Carpal tunnel syndrome (CTS) is a nerve compression syndrome caused by compression of the median nerve as it goes through the carpal tunnel of the wrist.
It’s the most common nerve syndrome where a nerve gets caught and accounts for 90% of all nerve syndromes.
Early symptoms include pain, tingling and paraesthesia (burning/prickling).
Symptoms usually occur (but can vary to a degree) in the thumb, forefinger, middle finger and thumb side of the ring finger.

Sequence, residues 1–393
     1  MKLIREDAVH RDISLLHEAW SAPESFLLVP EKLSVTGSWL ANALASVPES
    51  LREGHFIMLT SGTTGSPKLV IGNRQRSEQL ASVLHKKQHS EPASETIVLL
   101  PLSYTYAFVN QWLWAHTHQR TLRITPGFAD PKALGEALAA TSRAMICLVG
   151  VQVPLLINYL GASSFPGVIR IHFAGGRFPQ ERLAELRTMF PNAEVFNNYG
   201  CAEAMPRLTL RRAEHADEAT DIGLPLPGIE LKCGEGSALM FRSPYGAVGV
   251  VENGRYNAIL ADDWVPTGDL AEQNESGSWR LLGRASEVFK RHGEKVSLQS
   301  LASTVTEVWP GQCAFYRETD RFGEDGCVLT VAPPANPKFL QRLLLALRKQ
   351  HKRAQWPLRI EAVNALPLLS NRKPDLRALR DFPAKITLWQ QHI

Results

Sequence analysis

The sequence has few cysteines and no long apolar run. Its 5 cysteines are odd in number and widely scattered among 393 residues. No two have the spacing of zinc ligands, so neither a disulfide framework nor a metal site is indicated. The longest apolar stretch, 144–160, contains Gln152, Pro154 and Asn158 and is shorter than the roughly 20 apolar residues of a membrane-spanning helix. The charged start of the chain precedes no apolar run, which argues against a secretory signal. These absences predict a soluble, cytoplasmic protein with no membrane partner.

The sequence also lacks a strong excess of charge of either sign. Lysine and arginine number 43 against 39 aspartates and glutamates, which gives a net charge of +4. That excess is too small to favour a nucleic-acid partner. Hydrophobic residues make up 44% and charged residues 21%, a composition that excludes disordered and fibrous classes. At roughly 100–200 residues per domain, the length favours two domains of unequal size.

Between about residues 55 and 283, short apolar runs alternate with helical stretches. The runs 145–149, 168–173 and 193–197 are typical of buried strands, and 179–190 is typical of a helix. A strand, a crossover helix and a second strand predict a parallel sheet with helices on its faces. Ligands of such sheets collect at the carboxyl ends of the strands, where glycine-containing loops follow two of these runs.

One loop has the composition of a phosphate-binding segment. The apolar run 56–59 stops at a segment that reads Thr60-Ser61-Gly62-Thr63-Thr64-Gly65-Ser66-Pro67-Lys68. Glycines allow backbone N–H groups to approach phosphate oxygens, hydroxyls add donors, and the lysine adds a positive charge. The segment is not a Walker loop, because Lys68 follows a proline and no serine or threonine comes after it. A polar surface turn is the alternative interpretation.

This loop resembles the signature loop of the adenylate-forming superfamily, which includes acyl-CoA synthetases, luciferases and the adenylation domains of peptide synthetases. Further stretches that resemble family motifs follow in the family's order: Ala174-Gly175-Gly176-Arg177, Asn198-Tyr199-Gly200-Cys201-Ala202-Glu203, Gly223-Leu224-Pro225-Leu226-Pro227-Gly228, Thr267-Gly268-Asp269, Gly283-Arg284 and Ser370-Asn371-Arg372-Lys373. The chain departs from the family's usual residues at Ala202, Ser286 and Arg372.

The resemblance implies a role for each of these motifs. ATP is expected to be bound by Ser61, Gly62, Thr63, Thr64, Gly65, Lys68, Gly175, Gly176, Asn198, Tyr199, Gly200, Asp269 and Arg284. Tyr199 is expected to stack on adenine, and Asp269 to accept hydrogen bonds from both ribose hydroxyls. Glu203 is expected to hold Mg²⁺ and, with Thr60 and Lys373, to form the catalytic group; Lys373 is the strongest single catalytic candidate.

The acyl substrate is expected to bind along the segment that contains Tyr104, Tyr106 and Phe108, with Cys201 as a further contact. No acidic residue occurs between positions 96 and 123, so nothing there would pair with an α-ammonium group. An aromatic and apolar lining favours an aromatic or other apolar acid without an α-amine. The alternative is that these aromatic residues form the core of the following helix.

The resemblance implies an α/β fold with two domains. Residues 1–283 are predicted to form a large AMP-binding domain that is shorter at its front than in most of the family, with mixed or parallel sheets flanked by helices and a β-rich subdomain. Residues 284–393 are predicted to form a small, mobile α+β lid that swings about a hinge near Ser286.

Pain sometimes spreads up the entire arm. In later stages, hands may get weaker, fine-motor coordination may be reduced, hand movements may become clumsy and the base of the thumb may start to wane.
Patients can get diagnosed quickly and respond well to treatment.
The carpal tunnel (CT) is made up of a rigid osteofibrous wall which forms a tunnel that protects the median nerve and the flexor tendon.
The so-called transverse carpal ligament makes up the upper boundary and the carpal bones make up the lower boundary.
The carpal tunnel includes the median nerve and 9 flexor tendons.